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|Pulmonary Tests (Stress Test) Cost Average||$525 - $1,400||Free Quote|
|Cardiovascular Stress Test Cost Average||$2,000 - $5,100||Free Quote|
|El Camino Hospital||Mountain View||Acute Care Hospital|
|Stanford Hospital||Stanford||Acute Care Hospital|
|Kaiser Permanente Santa Clara Medical Center||Santa Clara||Acute Care Hospital|
|Just X-rays||San Jose||Diagnostic Testing Facility|
|Children's Recovery Center of Northern California||Campbell||Childrens Hospital|
|Regional Medical Center of San Jose||San Jose||Acute Care Hospital|
|Kaiser Permanente Santa Teresa-san Jose Medical Center||San Jose||Acute Care Hospital|
|Health Diagnostics of Ca.||San Jose||Diagnostic Testing Facility|
|Lucile Packard Children's Hospital at Stanford||Palo Alto||Childrens Hospital|
|Mirage Imaging Center||Los Gatos||Diagnostic Testing Facility|
|California Advanced Imaging Medical Assoc.||San Jose||Diagnostic Testing Facility|
|Santa Clara Valley Medical Center||San Jose||Acute Care Hospital|
|Community Hospital of Los Gatos||Los Gatos||Acute Care Hospital|
|O'connor Hospital||San Jose||Acute Care Hospital|
|South Bay Imaging Center||San Jose||Diagnostic Testing Facility|
|Good Samaritan Hospital||San Jose||Acute Care Hospital|
|Saint Louise Regional Hospital||Gilroy||Acute Care Hospital|
Stress Test Patient Preparation
Do not eat or drink for three hours prior to the procedure. This reduces the likelihood of nausea that may accompany strenuous exercise after a heavy meal. If you are a diabetic, make sure you let your doctor know ahead of time so you can get specific instructions regarding your insulin prior to your Stress Test. A good rule of thumb for Insulin Dependent Diabetics is to eat a small meal 4 hours prior to your test and then take your insulin. For Non-Insulin Diabetics, eat a light meal 4 hours prior to your test and then take your oral medication. It is important to monitor your glucose levels prior to the test. Your glucose should be less than 150. Wear comfortable clothing and shoes that are suitable for exercise. Avoid tobacco, alcohol, caffeine and other stimulants a few days prior to the test in that they may affect the results of your test. Avoid skin oils and lubricants prior to the test in that it may inhibit the test electrodes from sticking to your skin. Check with your doctor but most likely heart medicines will need to be stopped one or two days prior to the test. Discuss all medications or herbal supplements you are taking prior to the test. Some of these may alter your test results and your physician and the technician should be aware of what you take prior to the test. Bring a list of all your medications with you for review by the facility.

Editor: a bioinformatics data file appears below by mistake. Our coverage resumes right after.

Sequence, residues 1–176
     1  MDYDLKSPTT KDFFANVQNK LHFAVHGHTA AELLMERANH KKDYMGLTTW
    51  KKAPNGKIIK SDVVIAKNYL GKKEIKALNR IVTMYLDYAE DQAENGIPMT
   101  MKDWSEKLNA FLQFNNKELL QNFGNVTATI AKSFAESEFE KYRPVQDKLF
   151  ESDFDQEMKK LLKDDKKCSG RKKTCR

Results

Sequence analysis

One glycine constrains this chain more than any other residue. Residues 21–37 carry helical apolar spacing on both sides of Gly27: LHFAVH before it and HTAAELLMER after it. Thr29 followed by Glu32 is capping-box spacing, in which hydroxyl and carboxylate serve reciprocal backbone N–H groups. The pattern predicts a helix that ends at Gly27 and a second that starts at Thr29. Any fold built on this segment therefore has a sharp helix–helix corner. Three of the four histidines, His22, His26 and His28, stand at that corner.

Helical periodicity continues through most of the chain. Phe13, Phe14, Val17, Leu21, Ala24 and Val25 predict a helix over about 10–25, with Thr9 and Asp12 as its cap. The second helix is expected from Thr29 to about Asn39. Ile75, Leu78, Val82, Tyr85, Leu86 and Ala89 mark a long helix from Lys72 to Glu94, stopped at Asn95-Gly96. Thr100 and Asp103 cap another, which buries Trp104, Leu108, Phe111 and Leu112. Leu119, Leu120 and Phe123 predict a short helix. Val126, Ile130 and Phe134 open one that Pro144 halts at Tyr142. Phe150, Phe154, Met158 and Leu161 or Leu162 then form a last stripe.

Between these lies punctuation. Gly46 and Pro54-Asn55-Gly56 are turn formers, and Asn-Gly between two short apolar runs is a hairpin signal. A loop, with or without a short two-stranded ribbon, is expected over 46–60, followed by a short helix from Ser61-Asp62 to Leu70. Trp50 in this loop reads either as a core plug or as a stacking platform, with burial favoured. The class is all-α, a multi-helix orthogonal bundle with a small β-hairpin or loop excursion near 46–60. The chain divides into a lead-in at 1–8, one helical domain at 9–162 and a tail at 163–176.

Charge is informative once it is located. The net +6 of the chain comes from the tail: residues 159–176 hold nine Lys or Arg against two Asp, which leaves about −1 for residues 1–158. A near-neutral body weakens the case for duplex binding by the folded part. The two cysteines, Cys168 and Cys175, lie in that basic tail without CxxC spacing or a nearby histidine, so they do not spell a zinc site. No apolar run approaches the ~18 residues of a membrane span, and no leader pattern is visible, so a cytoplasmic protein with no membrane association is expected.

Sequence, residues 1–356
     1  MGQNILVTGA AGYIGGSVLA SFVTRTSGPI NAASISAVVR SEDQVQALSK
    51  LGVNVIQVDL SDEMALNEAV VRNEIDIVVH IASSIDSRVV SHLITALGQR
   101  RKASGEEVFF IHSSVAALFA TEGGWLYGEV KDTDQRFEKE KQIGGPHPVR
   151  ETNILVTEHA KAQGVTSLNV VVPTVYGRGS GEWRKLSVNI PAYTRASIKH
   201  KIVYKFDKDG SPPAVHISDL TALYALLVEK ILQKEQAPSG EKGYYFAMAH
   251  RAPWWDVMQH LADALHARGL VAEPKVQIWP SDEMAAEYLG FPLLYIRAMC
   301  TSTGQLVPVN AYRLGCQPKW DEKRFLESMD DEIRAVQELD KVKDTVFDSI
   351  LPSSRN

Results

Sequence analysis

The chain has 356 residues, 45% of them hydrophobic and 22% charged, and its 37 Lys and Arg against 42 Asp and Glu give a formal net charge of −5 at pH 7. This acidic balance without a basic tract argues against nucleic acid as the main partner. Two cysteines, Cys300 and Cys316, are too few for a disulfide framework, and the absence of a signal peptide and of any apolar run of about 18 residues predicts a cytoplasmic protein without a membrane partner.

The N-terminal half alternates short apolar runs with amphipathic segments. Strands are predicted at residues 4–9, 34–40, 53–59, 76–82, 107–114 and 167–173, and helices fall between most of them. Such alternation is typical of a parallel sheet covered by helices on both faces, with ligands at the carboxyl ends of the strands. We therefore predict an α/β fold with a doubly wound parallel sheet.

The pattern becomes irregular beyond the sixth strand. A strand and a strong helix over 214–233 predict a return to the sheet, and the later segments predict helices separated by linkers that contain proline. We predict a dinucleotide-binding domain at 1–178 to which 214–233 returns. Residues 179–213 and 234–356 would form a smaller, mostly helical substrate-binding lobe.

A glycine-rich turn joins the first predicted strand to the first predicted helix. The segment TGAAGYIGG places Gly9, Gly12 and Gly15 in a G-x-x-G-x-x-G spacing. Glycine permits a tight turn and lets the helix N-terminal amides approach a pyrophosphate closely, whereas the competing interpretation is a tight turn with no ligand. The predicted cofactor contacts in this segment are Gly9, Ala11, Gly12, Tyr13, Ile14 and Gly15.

What to expect during and after a Stress Test
A Stress Test is a relatively painless procedure. The only discomfort may be associated with the exercise performed in order to put the heart under stress and possibly the adhesives used to attach the electrical leads, electrodes, to your chest. The exam does not produce electricity, but simply records the electrical activity produced by a patient's heart. The overall preparation and test will take approximately 60 minutes not including waiting time. When the test is ready to be run a technician will bring the EKG machine to the patient and attach the leads onto the patient's chest with small stickers. Prior to starting to exercise, the technician will perform an EKG test to measure your heart rate and blood pressure at rest. Upon completion, you will be asked to run on a treadmill or pedal a stationary bike to increase your heart rate. The EKG test will be on and monitored at regular intervals by the technician during your exercise. It is important to tell the technician if you feel chest, arm, or jaw pain or discomfort, shortness of breath, dizzy, lightheaded, or any other unusual symptoms. You will be asked to exercise until you feel exhausted or for about 10 to 12 minutes.
After the test you will cool down by walking or pedaling slowly for a few minutes. The EKG test will continue to be on to monitor your heart until all levels return to normal. Your EKG results will be interpreted by a trained doctor and then discussed with you directly.
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